In 'Una Noche,' Teenagers Flee Cuba
By STEPHEN HOLDEN
Published: August 22, 2013
A bright red sports car, a stripper and knee-length 24-karat gold
chains: those accouterments define the sweet life in Miami in the
feverish fantasies of Raúl (Dariel Arrechaga), a hotheaded, hormonally
overcharged Havana teenager in "Una Noche." With his best friend, Elio
(Javier Núñez Florián), and Elio's twin sister, Lila (Anailín de la Rúa
de la Torre), Raúl hopes to follow countless others and navigate the
straits of Florida to America on a homemade raft.
The journey, which they undertake in the movie's final third, is as
perilous as you might expect. The craft, crudely assembled from wood
found in a cemetery, is equipped with inner tubes, an untested motor and
a GPS. Their provisions consist of food stolen from the restaurant at
which Raúl and Elio used to work, supplemented by glucose.
The feature directorial debut of Lucy Mulloy, a New York documentarian,
"Una Noche" surges with vitality so palpable that, for its duration, you
feel as if you were living in the skins of characters often photographed
in such extreme close-up that they seem to be breathing in your face.
You feel the sun on their bodies and get goose bumps when they shiver
from the cold.
Contemporary Havana, as depicted in the film, is an impoverished,
crumbling fleshpot, whose residents eke out a living the best they can,
often by prostituting themselves to tourists. It's also a barter
culture; Elio exchanges his bike for the motor. You can have anything
you want if you know whom to go to, observes a character. The
authorities are constantly on the alert for trouble. We overhear a
security guard warning a supervisor, "There's a citizen talking to a
The movie's first two-thirds are a portrait of the city as experienced
by these teenagers, as they frantically (and surreptitiously) prepare to
leave. A narrator (Aris Mejias), assuming Lila's point of view, muses
out loud about a city where, in the words of Raúl, the only things to do
are sweat and have sex.
Because everything is filtered through a late-teenage consciousness,
"Una Noche" is highly sexualized. Raúl, to celebrate his departure,
picks up a streetwalker, who, to his chagrin, turns out to be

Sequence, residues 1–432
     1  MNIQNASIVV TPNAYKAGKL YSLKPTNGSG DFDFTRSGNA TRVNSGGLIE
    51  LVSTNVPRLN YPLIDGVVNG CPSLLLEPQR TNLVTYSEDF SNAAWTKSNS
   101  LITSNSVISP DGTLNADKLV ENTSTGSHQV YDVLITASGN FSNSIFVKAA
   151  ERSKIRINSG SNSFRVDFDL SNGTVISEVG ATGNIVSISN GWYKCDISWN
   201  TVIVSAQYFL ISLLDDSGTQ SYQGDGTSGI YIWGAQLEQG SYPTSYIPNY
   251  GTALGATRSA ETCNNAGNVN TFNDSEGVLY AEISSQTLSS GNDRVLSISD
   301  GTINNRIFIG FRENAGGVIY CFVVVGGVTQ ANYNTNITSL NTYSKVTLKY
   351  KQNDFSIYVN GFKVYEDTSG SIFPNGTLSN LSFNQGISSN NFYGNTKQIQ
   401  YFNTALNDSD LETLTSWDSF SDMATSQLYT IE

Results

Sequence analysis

transsexual. Once the three main characters set forth, the
stereotypically macho Raúl repeatedly hits on Lila, who is not
interested. Complicating matters, the gentle, introspective Elio is
secretly in love with the homophobic Raúl.
Raúl has no choice but to flee Havana after attacking and injuring a
Western tourist he catches having sex with his mother (María Adelaida
Méndez Bonet), a prostitute. Harassing tourists is a serious matter in
Havana, and for much of the movie, the police are in relentless pursuit.
Raúl's father, he has been told, is somewhere in Miami, but no one has
heard from him. Elio and Lila are leaving behind a mother seriously
weakened by H.I.V. and her faithless, ne'er-do-well husband. Before
leaving, Elio manages to scrape up a supply of H.I.V. medication to
Once they finally push off into the water, they discover that the motor
doesn't work, and they must paddle the entire 100-mile distance. They
brave a thunderstorm, and a shark appears. That's just the beginning of
their troubles. But "Una Noche" doesn't turn into a clichéd survival
drama. For all its flaws, the movie, filmed with nonprofessional actors,
is steadily gripping.
Opens on Friday in Manhattan.
Written and directed by Lucy Mulloy; director of photography, Trevor
Stuart Forrest and Shlomo Godder; edited by Cindy Lee; production design
by Laura Huston; produced by Ms. Mulloy, Daniel Mulloy, Maite Artieda,
Sandy Pérez Águila and Yunior Santiago; released by Sundance Selects. In
Spanish, with English subtitles. Running time: 1 hour 29 minutes. This
film is not rated.
WITH: Dariel Arrechaga (Raúl), Anailín de la Rúa de la Torre (Lila),
Javier Núñez Florián (Elio), María Adelaida Méndez Bonet (Adelaida),
Greisy del Valle (Greisy), Katia Caso González (Hilda), Penelope
Battrick (Judith), Liuda Motes Lado (La Gata), Lázaro Mario Padrón Ávila
(Cristal) and Aris Mejias (Narrator).
Source: "In 'Una Noche,' Teenagers Flee Cuba - NYTimes.com" -